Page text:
Aaron Cohen’s Overwatch is an 18-minute drama centred on the lives of its characters, wrapped up within a very immediate war. Largely stationary, the film carves out a space for the personal while the war makes itself felt dangerously close.
The first few minutes of the film is mobile and filled with action. The camera follows along as two American soldiers race to their destination, shooting their Middle East counterparts whenever they can be found. Given the movement and the all-beige colour palette, it does not feel unlike a video game. But this soon gives way to the two men settling down on higher ground, their targets in a small village below. A conversation begins to take shape.
The war does not really recede to the background, in that Dylan (Cohen) and Max (Tony Nevada) continue to shoot at their targets, but the enemy mostly does not appear on screen any longer. The camera stays on the two characters as Max tentatively asks about Dylan’s ex, Megan. As the only two characters, Dylan and Max are made to be a complementary whole. Where Dylan is hot-headed and driven by his anger, Max is more stable, compassionate and thoughtful. They display this dynamic right till the end.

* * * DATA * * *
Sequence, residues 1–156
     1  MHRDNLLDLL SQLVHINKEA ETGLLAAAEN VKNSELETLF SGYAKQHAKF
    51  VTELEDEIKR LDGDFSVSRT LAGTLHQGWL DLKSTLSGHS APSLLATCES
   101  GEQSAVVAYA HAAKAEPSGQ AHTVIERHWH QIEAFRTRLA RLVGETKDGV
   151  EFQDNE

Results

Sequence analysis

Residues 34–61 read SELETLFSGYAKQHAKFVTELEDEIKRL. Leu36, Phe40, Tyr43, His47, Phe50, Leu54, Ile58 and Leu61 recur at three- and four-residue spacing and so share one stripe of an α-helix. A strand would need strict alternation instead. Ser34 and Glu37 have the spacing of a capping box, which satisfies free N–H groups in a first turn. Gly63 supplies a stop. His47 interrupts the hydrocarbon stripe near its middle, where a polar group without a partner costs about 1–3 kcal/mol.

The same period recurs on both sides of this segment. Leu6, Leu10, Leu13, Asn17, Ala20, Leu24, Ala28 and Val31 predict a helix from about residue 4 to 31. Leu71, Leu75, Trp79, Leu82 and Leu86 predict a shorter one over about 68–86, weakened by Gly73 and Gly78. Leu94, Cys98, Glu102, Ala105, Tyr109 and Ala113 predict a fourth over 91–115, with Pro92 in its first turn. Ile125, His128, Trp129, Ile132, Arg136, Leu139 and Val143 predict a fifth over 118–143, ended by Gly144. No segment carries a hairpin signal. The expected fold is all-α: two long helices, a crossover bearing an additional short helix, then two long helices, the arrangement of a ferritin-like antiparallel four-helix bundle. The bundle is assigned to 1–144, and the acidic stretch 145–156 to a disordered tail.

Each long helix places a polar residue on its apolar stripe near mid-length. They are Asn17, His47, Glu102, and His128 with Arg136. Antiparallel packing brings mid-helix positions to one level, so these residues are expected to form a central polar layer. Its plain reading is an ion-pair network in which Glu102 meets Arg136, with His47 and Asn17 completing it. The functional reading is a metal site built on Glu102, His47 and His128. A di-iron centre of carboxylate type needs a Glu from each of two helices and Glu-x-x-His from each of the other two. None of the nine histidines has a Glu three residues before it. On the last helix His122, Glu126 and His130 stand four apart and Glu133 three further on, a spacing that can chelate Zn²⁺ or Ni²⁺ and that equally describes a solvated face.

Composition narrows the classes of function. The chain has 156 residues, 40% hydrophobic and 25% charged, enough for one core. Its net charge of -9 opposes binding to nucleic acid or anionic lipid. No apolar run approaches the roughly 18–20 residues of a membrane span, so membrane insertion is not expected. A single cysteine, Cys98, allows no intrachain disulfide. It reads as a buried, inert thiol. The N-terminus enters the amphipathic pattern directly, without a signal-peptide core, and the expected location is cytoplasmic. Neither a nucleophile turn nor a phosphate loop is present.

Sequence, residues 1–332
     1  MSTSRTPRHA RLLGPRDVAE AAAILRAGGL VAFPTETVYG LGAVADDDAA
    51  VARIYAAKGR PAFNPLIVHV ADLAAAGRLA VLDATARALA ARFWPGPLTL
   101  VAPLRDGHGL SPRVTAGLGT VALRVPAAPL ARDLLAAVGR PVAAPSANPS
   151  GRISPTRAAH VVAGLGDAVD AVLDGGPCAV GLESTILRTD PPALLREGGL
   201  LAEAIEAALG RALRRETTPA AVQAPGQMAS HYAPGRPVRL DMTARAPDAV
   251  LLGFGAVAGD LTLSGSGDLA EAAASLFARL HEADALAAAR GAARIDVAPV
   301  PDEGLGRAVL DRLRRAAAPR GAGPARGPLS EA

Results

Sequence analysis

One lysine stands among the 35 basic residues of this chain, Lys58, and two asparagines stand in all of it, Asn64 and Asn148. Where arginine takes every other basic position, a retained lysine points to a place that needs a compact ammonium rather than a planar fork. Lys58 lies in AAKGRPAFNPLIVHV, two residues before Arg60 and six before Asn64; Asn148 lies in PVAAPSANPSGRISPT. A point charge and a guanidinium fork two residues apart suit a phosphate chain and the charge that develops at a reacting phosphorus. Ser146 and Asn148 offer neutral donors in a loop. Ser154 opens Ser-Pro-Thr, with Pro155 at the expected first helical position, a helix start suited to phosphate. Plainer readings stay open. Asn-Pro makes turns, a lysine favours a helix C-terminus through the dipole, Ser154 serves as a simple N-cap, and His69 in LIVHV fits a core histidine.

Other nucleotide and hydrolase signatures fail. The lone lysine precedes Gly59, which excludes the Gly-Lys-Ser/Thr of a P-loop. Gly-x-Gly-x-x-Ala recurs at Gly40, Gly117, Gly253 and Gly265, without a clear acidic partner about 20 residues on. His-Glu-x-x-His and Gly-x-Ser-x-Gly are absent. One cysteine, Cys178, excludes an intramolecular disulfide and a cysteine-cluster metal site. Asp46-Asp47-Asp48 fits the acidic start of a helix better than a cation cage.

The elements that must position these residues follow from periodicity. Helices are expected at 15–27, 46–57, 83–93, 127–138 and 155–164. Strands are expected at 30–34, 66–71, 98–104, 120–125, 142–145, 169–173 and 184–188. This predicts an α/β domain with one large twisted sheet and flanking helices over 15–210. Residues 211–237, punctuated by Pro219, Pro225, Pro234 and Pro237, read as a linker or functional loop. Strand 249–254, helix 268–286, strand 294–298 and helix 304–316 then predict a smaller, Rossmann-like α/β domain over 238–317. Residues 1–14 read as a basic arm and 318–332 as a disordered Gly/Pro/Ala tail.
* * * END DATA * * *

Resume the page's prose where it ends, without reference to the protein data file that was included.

Megan and Dylan’s breakup becomes the central topic of their conversation, as Dylan growls and snaps at every mention of her name. The irony of it is that Megan herself does not exist within the film proper, appearing in a wordless post-credits the-man-and-his-beloved home video montage. It stands in contrast to the entirety of the film which is heavy on dialogue, relying on it to drive the plot forward.
The conversation revolves around why Megan broke up with Dylan, Dylan’s complaints about her, and Max’s efforts to defuse Dylan’s anger and nudge him towards reconciliation. The dichotomy between the life or death situation that the characters are in, and the mundane nature of their conversation is the defining characteristic of the film: regular lives suspended to fight for someone else’s bloody schemes.
The climax is an abrupt, anticlimactic one, bringing the conversation to a decisive halt. Then silence. The colour scheme, which had shifted to neutral after the opening, now falls into overwhelmingly blue tones.
Overwatch is an attempt to show how war puts lives on hold, and changes them irreversibly. Megan as the defended and maligned idea becomes the emblem of this, an abstraction to represent the hope and loss of a regular life. The two men who finally leave that hillock will never be able to reach her.
Watch Overwatch Short Film Trailer
Overwatch: The Death of Everyday Life in War
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